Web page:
Diverse coral gardens in the Azores
With a rugged seafloor comprising around 461 seamounts and hills, the Azores are considered a NE Atlantic deep-sea coral hotspot, harbouring more than 160 coral species.
Over the last decade, a solid research aim supported by multiple projects has permitted a better understanding of the regional importance of cold-water corals and other large deep-sea benthic fauna. In contrast with the continental margins of Europe, reef-building scleractinians such as Lophelia pertusa and Madrepora oculata are less prominent in the Azores. Instead, gorgonians, stylasterids and/or antipatharians are the most frequent habitat-builders, making up more than twenty different types of coral gardens that are found between 20 and 3,500 m depth.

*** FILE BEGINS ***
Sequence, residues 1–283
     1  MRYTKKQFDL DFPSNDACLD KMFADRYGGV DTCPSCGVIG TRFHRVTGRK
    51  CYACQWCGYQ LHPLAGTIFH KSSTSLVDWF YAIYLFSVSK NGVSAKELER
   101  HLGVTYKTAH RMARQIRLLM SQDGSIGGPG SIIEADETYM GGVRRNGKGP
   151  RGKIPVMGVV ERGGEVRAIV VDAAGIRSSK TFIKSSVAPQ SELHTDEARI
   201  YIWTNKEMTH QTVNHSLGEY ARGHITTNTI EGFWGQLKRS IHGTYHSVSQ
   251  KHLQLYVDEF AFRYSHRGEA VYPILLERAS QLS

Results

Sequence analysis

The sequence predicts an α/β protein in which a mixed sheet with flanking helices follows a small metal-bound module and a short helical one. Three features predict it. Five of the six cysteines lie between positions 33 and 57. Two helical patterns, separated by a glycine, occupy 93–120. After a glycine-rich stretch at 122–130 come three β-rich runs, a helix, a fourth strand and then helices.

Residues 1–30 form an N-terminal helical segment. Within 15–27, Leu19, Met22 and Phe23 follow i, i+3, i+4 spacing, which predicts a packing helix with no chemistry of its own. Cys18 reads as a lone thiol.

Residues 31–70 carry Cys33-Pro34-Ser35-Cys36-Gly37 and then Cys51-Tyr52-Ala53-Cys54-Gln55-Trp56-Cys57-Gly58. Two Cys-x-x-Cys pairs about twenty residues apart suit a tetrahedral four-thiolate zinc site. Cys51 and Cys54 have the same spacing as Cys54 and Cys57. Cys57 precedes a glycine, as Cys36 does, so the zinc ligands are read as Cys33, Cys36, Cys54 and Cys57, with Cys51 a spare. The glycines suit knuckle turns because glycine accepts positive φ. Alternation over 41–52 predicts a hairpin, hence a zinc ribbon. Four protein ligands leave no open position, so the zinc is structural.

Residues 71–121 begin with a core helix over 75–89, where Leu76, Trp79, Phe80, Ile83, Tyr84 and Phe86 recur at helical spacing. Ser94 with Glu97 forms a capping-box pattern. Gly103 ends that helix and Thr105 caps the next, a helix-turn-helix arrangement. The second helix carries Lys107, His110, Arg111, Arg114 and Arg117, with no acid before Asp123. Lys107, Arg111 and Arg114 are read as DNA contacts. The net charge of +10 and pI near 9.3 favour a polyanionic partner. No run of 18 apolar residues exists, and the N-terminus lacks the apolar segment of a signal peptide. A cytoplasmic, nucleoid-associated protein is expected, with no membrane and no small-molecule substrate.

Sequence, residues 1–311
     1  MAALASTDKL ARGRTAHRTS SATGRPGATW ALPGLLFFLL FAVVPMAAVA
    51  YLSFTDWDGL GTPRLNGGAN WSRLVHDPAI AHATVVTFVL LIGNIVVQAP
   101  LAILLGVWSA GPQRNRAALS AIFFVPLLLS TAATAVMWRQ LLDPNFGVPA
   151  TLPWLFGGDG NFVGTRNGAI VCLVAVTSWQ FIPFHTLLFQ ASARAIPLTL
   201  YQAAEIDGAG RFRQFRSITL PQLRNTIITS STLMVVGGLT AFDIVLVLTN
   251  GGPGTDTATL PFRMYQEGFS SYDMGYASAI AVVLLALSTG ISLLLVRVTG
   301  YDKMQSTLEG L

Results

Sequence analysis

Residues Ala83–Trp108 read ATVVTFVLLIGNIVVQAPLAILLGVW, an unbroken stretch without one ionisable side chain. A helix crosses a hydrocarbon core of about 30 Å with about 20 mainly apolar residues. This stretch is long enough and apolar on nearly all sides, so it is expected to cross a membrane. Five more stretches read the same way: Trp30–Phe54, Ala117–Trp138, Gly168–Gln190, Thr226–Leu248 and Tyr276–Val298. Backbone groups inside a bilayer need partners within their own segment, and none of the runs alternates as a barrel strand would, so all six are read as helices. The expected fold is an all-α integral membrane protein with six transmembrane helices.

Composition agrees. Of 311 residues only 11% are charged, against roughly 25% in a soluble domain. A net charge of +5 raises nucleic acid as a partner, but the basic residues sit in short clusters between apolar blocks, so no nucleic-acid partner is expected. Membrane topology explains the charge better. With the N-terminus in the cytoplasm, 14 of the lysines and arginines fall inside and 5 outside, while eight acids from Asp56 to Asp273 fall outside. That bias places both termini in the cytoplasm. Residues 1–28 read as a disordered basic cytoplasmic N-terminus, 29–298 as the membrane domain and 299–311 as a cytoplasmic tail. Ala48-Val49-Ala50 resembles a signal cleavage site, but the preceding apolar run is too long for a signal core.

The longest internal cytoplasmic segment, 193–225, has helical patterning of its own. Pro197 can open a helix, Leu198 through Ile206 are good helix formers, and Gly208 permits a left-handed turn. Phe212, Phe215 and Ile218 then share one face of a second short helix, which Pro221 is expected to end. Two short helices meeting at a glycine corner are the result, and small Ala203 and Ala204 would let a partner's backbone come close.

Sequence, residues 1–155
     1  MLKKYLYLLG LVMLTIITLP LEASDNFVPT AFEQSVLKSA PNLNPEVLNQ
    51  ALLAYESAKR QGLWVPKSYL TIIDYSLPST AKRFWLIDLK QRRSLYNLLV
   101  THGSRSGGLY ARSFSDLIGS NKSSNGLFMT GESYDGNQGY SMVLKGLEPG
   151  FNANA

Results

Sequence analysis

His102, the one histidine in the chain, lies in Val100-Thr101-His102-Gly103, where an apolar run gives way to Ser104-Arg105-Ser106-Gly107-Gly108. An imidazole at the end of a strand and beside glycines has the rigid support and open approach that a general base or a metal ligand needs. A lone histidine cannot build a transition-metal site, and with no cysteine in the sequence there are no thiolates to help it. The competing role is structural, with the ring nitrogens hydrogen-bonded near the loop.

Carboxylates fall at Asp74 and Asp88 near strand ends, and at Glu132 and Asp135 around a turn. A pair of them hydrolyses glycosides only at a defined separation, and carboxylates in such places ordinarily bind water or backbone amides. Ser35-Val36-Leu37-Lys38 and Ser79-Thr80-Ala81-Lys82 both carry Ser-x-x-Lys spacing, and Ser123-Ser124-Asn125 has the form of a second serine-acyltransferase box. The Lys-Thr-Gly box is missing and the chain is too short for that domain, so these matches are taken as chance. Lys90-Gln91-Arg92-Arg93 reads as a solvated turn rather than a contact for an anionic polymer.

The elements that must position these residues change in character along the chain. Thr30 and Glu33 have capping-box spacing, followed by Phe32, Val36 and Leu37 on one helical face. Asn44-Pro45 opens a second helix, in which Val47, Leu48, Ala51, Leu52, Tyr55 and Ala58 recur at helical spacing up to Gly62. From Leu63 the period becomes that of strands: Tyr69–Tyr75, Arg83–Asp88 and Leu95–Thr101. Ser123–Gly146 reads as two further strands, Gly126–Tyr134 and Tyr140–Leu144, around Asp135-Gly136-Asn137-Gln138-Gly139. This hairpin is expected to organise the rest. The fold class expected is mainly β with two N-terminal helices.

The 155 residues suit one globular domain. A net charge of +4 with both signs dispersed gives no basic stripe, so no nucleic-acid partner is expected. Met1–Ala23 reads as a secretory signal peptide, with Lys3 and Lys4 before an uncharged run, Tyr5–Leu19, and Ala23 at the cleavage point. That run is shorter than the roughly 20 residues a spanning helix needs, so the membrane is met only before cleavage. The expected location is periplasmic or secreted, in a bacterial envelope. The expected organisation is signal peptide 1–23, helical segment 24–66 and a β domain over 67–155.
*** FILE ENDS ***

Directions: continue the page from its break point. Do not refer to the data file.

In the shelf environments of the Azores, the most common species are black corals such as Antipathella spp. and Tanacetipathes spp. In deeper waters, Dentomuricea sp. and Viminella flagellum are a dominant sight on the summits of seamount summits, found between 200 and 400 m depth. Other conspicuous gorgonians such as Callogorgia verticillata, Paracalyphtrophora josephinae, Candidella imbricata, Acanthogorgia armata and the stylasterid Errina dabneyi are dominant at greater depths. Extremely long-lived species such as the black coral Leiopathes spp. can also be abundant on some seamounts and may reach more than 2 m in height, with documented ages of 2,300 years.